These are among many difficult and critical questions, which the WSJG is clearly trying to avoid. Apart from random statements by individuals holding ministerial office, WSJG is yet to come clear officially, and explain to the public what ETCA really entails, how it would affect the national economy, and what Colombo’s strategies are in managing potential risks. Given the invariably dictatorial, arrogant and, to drift to a colloquialism, ‘know-all’ attitude of Ranil Wickremesinghe, ETCA’s foremost exponent, the likelihood of such transparency is indeed next to non-existent.
This is where opposition politicians, economists, specialists in international trade, connoisseurs of existing ebbs and flows of Indo-Lanka bilateral trade, all need to work together to exert pressure on WSJG. It goes without saying that this needs to be done with a strong sense of tact, using concrete arguments, to which WSJG would be compelled to respond. Shallow arguments, propagandist postures and fear-mongering tactics risk preventing a serious, informative and consequently, influential public debate. This, needless to reiterate, would be to WSJG’s singular advantage.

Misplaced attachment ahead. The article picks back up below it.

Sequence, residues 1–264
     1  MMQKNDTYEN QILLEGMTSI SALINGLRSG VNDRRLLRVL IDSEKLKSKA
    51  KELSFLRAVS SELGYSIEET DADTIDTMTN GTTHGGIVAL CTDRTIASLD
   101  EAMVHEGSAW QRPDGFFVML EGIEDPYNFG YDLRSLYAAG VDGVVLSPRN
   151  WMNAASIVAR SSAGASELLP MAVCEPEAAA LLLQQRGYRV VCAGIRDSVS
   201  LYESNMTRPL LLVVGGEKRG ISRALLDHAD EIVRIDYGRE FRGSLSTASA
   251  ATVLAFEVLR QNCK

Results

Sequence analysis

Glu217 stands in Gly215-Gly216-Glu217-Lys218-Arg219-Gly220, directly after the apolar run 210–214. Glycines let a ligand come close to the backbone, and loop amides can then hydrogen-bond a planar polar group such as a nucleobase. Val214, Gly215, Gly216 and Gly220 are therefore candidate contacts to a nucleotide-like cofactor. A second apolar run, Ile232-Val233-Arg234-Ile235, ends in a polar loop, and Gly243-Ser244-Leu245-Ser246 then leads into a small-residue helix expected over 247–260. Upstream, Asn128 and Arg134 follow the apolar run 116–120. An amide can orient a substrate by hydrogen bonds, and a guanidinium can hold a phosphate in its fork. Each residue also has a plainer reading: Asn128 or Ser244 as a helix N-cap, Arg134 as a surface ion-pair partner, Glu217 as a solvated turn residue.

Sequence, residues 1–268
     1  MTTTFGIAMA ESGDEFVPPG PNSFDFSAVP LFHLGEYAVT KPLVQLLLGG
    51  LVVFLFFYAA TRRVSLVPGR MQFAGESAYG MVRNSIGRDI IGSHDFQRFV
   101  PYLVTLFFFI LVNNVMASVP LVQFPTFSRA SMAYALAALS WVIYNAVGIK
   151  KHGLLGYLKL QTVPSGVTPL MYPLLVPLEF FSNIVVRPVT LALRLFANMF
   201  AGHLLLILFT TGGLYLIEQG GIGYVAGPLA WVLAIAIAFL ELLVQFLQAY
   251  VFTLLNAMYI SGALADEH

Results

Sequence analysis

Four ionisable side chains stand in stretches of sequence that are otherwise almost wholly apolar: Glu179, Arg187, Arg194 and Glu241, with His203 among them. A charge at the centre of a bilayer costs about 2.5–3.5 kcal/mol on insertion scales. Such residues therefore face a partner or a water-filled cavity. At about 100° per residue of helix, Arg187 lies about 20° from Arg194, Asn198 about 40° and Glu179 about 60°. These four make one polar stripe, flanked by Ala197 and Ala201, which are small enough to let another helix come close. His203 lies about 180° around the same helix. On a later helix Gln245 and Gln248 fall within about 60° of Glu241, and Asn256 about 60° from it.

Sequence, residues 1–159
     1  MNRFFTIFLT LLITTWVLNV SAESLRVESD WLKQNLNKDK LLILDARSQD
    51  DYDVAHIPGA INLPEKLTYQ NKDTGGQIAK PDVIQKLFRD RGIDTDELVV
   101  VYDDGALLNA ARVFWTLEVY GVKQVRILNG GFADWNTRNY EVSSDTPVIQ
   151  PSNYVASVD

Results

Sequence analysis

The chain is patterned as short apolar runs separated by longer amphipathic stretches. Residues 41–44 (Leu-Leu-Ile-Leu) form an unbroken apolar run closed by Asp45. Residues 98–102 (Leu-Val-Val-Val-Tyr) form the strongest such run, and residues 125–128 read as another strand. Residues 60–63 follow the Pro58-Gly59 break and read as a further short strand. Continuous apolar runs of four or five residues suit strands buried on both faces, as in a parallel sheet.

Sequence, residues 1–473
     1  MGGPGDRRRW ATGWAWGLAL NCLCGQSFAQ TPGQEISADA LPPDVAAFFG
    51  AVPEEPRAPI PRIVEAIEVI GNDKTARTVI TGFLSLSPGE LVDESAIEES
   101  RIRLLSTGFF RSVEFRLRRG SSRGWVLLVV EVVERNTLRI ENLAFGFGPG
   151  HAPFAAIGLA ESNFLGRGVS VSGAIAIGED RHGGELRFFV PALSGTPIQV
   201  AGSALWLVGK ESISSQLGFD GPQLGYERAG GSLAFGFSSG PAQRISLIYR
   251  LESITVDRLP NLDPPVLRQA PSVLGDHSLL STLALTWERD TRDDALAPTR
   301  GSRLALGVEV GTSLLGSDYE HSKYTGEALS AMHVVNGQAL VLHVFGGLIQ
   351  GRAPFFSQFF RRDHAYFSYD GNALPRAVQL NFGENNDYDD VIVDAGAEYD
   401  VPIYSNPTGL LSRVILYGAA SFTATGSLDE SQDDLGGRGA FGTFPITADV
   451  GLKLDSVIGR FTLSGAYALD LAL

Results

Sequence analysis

Cultivating serophobia amounts to inciting hatred against a community that already suffers tremendous marginalisation and stigma. Using visual imagery carrying misogynist connotations only serves to strengthen repressive, patriarchal and discriminatory attitudes towards women. Such paranoia is no way to deal with an extremely challenging issue of bilateral trade between a small sovereign state and the highly influential regional superpower. Hopes for an engaged and critical opposition reaction appear to be bleak when politicians resort to cheap hate speech on social media. Instead, it is advisable that Pathirana and all opposition MPs work with relevant specialists and practitioners to develop a strong public discussion on ETCA, thereby forcing WSJG to backtrack on austerity politics, inclination to servility in its relationship with the Modi Sarkar, and its ‘we know what’s best’ attitude.